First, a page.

• Amy Hempel, a recipient of awards from the Guggenheim Foundation, the United States Artists Foundation, and the Academy of Arts and Letters, Hempel is the author of Reasons to Live, At the Gates of the Animal Kingdom, Tumble Home, and The Dog of the Marriage, and is coeditor of Unleashed. Her stories have appeared in Harper's, GQ, Vanity Fair, and many other publications, and have been anthologized in The Best American Short Stories and The Norton Anthology of Short Fiction. Her Collected Stories was named by The New York Times as one of the ten best books of 2007, and won the Ambassador Book Award for best fiction of the year. In 2008, she received the Rea Award for the Short Story, and, in 2009, she received the PEN/Malamud Award for Excellence in the Short Story. She has a BA in Journalism from San Jose State University, and has taught at Sarah Lawrence, The New School, Duke, Princeton, and currently teaches at Harvard, too. She lives in New York City. Faculty. She will give a reading.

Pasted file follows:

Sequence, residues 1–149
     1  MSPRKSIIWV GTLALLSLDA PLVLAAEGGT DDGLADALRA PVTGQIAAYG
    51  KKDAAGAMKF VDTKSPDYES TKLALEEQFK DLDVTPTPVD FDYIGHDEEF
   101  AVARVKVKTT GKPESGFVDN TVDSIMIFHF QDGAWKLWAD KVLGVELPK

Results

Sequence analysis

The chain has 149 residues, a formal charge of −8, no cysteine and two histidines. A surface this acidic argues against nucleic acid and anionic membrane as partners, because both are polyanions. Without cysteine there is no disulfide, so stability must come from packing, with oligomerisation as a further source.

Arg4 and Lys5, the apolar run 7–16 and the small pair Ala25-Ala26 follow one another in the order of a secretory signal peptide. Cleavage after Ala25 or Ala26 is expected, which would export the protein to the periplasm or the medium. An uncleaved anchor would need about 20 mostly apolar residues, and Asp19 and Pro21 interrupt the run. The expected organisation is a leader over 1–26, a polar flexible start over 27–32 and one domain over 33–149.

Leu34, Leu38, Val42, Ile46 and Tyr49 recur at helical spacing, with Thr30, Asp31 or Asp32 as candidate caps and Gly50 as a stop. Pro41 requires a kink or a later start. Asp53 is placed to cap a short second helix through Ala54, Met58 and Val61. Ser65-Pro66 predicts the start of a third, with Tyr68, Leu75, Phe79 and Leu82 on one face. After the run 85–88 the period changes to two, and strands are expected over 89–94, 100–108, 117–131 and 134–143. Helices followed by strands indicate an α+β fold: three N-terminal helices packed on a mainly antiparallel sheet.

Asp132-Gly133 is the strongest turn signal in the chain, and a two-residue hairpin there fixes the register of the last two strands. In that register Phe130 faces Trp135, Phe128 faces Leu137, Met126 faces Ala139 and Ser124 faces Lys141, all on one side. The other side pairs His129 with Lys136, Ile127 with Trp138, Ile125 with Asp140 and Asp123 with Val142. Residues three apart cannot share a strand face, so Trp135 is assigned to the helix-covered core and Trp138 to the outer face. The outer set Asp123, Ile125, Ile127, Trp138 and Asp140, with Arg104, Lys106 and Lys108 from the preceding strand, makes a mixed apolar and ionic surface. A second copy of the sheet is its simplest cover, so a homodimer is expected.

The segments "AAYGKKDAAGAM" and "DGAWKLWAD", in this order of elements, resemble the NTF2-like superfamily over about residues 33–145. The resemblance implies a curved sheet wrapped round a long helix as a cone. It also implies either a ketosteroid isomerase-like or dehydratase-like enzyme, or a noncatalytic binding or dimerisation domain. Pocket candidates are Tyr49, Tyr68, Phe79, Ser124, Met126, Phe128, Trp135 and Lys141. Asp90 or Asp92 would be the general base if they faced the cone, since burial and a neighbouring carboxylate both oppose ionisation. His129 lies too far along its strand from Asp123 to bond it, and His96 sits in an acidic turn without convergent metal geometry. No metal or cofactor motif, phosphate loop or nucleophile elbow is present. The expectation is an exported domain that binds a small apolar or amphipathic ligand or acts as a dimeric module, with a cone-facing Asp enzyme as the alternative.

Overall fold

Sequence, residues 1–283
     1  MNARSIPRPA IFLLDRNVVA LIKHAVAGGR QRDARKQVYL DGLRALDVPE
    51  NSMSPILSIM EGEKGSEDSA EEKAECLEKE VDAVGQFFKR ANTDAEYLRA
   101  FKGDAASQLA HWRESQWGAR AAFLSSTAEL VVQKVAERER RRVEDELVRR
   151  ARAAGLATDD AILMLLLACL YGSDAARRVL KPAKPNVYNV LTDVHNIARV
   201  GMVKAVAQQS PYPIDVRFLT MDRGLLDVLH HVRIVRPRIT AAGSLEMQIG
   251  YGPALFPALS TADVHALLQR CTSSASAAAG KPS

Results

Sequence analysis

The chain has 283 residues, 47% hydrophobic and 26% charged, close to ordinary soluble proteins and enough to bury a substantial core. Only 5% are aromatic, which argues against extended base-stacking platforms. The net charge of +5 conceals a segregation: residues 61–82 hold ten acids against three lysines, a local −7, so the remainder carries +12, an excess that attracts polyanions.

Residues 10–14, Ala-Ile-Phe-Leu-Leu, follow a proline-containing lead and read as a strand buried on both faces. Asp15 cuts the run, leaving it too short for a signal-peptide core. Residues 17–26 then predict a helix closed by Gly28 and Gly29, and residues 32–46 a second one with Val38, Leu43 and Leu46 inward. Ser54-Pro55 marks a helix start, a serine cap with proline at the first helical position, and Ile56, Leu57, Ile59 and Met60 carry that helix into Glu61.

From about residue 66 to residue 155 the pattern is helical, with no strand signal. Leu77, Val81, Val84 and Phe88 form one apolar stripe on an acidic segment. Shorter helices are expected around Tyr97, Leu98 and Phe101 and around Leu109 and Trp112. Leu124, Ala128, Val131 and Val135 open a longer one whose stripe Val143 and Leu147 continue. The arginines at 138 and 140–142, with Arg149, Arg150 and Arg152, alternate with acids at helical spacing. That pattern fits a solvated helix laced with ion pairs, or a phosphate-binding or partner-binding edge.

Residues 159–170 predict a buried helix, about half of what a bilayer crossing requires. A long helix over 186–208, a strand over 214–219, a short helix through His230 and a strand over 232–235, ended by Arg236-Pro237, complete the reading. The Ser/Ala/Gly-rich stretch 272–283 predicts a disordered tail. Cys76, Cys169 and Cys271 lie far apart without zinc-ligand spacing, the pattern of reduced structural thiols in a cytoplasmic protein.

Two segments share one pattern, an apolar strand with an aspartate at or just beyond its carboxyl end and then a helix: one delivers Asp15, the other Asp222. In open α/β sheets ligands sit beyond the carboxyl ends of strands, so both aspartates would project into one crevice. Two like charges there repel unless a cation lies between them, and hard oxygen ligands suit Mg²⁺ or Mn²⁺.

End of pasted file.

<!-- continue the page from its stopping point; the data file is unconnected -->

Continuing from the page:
• Bret Anthony Johnston is the author of the novel Remember Me Like This and Corpus Christi: Stories. He is also the editor of Naming the World and Other Exercises for the Creative Writer. His many honors include a National Endowment for the Arts fellowship and a National Book Award for writers under 35. His fiction and essays have appeared in The Atlantic Monthly, The Paris Review, Esquire, The New York Times Magazine, Tin House, and in numerous anthologies, including The Best American Short Stories, The Pushcart Prize, New Stories from the South: The Year's Best, and The Best American Sports Writing. A graduate of the Iowa Writers' Workshop, he is the Director of Creative Writing at Harvard University. Faculty. He will give a reading.